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Re: Hardware watchpoints; dealing with false triggers?

On Thu, 29 Nov 2001, Orjan Friberg wrote:

> I'm wondering how/if gdb deals with false hardware watchpoint triggers. 

In general, there shouldn't be any.  If you have lots of false triggers, 
you will be in trouble, since the higher-level code of GDB cannot cope 
with that very well.

So the low-level watchpoint support should do whatever it takes to
eliminate the possibility of false hits.

> I've looked at the i386 hardware watchpoint implementation in gdb, and
> read chapter 15 of the Intel Architecture Software Developer's Manual
> Volume 3 about the debug registers, but I can't tell if it's susceptible
> to false triggers.

AFAIK, the x86 watchpoint support doesn't cause false triggers, except in 
one case: if you use `rwatch'.  x86 debug support doesn't support 
read-only watchpoints, only read-write or write-only watchpoints.  To 
emulate rwatch, GDB's higher-level code has some kludgey work-arounds (it 
checks whether the value changed or not), which I had hard time 
convincing Michael Snyder to accept, and rightfully so.

> The i386 breakpoint registers can only deal with 1,
> 2, and 4-byte sized areas, so watching a 4-byte aligned 3-byte struct
> seems to use two of the i386's debug registers (watching 2 and 1 bytes,
> respectively).


> But consider the following: say your watchpoint registers can only watch
> 4-byte aligned areas of 4 bytes, but you want to rwatch (or awatch) an
> unaligned variable of size 4 bytes.  You'd have to use two watchpoint
> registers, both covering too much, like this:
> Variable to watch:      | 0 1   2 3 |
> Watchpoints:        | 0 1 2 3 | 0 1 2 3 |
>                         wp1       wp2

This shouldn't happen, and it indeed does not happen with x86.  x86 uses 
2 debug registers in this case, like so:

Variable to watch:      | 0 1   2 3 |
Watchpoints:            | 0 1 | 0 1 |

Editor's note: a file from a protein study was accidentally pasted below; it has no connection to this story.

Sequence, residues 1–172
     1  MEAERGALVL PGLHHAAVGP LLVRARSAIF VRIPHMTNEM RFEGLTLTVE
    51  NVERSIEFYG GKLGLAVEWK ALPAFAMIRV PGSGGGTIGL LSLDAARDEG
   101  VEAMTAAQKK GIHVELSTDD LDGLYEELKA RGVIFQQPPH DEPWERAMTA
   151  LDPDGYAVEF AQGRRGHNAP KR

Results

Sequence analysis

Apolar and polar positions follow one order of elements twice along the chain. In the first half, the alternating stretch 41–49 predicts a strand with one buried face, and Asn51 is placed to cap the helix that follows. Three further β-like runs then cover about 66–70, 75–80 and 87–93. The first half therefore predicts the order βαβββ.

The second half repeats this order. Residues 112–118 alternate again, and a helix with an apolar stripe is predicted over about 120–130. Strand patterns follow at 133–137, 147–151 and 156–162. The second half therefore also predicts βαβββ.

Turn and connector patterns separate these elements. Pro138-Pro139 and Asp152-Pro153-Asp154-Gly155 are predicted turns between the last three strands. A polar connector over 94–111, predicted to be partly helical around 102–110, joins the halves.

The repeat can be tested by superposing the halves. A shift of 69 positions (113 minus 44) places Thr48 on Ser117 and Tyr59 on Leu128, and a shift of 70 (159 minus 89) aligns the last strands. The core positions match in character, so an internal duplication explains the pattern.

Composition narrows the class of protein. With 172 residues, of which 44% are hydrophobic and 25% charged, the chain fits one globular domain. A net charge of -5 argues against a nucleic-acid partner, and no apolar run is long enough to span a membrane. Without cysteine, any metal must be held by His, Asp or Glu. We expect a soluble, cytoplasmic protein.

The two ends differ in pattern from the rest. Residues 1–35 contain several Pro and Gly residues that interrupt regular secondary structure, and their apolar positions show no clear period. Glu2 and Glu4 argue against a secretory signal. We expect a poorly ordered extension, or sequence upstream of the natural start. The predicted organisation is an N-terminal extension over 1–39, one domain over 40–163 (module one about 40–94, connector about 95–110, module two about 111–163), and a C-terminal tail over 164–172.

wp1   wp2

If the variable is only single-byte aligned, x86 would use 3 debug 
registers to cover it: the first one watching 1 byte, and two others
watching 2 bytes each.

> Now, say a there's a read of wp1's byte 0.  The hardware would trigger,
> but it would be a false trigger.  Gdb would somehow have to find out the
> actual address that was read and if it was found to be outside of the
> variable's range it would not trigger the watchpoint.

You can't do that, at least not with x86 debug registers: when a 
watchpoint triggers, you don't know what byte of its covered memory was 
written to.  All you know is that memory covered by a specific register 
was written.  In other words, the Debug Status register has only one bit 
for each of the 4 debug registers, to tell you which of the registers' 
watchpoints triggered; but it doesn't tell you what bytes were modified.
> are
> there any major obstacles for implementing such target-dependent false
> trigger handling in gdb?

IIRC, no.  If you cannot do something similar to what x86 does, I think 
you are in for a bumpy ride, as GDB doesn't handle such problems very 
well.  Your best bet would be to solve this in the target-specific 
low-level code.

Do you really have such a strange target?  Can you tell the details?

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